I had to decide if I was going to continue my hike as planned or was I going to abort and head back home. I would decide when I got up to the Appalachian Trail. The decision was quickly made when I made it to the AT. It was even colder and more windy there. I didn’t even take a break to have a snack. I made my decision rather quickly and instead of turning left on the AT to go to Tri Corner Knob Shelter I turned right and headed north.
After a few miles I made it to the Cosby Knob Shelter and ended up taking a break there. I knew I had a long way to my car and wanted to make sure that I fueled up. One of the backcountry rangers showed up at the shelter and checked everyone’s permits. Another hiker asked him if he knew the weather forecast for the next couple of days. Tomorrow had been bumped up to 100% chance of rain AND they were expecting 2- 4 inches in the next 24-36 hours. I realized then that I made the right decision.
I headed on my way continuing north on the AT until I got to Low Gap I trail (there are 2 Low Gap Trails) where I would downhill for 2.5 miles. Low Gap 1 is just about as miserable as Low Gap 2. Steep downhill with lots of rocks and roots. I didn’t think I was ever going to make it to the bottom but finally made it to the Big Creek Trail intersection where I would hike 5 miles back to my car.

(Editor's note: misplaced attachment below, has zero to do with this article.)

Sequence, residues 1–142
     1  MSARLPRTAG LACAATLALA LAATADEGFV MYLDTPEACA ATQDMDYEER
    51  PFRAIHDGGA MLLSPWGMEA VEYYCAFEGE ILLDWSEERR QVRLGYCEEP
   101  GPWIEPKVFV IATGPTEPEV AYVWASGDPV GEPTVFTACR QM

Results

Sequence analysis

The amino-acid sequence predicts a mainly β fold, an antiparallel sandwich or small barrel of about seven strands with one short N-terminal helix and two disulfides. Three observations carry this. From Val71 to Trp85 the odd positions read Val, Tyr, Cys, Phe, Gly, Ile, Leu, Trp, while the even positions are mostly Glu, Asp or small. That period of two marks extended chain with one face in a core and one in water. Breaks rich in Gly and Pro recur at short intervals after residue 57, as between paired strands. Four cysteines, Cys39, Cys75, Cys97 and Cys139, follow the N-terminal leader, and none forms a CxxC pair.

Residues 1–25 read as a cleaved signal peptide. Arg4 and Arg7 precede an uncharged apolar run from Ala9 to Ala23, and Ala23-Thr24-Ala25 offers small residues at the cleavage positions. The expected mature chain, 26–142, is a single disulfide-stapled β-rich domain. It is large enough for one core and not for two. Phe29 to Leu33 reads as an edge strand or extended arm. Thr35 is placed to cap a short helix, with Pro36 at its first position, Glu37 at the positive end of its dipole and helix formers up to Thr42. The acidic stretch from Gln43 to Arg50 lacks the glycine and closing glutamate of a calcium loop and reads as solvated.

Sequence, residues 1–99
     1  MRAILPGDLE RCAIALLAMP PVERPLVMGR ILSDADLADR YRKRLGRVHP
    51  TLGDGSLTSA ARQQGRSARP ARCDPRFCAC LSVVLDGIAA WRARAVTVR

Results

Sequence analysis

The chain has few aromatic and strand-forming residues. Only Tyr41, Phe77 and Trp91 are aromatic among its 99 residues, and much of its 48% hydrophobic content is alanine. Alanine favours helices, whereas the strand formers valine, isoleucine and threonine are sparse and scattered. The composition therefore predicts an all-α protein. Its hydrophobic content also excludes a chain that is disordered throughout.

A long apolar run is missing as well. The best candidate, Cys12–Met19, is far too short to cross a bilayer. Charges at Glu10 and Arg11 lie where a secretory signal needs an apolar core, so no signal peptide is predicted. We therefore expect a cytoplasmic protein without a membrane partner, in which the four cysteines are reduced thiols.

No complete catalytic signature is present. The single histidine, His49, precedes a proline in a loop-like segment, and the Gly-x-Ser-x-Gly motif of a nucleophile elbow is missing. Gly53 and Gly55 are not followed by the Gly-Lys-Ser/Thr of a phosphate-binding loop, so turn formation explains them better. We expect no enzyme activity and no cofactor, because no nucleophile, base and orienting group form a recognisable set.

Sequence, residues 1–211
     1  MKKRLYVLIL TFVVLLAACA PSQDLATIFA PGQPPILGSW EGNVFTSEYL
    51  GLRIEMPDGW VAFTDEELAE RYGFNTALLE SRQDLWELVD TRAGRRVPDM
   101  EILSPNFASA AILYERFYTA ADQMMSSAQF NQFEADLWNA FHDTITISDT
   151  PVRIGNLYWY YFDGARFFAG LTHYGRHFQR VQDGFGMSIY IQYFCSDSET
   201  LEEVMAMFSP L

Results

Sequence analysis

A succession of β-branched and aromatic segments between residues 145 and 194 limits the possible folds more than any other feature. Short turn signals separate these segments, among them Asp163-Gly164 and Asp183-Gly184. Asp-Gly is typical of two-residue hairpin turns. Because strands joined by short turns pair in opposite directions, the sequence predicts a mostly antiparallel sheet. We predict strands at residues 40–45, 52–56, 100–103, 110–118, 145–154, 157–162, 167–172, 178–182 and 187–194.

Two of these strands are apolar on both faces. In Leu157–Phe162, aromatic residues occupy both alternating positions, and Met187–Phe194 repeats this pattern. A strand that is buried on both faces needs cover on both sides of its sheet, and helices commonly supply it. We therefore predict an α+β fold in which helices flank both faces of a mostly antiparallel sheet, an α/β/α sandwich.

Double check to make sure you have all your gear. (I don’t know if having my hat would have made a difference but it might have)
After my trip to Ramsey Cascades earlier in the week I was excited to see more wildflowers. And I couldn’t wait. I was afraid that if I waited they would all be gone by the time I got there. I mean it was late April and I just wanted to make sure that I didn’t miss anything. I hadn’t ever heard of the White Oak Sink area but the people on the Smoky Mountain Wildflower Facebook page were talking about the area. I did a little Google research and realized that this was a place that I for sure wanted to visit. Not only were there going to be wildflowers but there were also caves and a waterfall. Wildlife South has some great info on this area and even a map of the sink area that you can print out.
I recruited my friend Jim to go with me on this trip. It’s almost always more fun to go with someone else especially if you are going to be taking a lot of pictures. So we met up at the Bass Pro Shop so we only had to drive one car. Our first stop was the Pancake Pantry in Gatlinburg. If you have never been you must go. They have the nicest fluffiest pancakes and you always get your order really fast.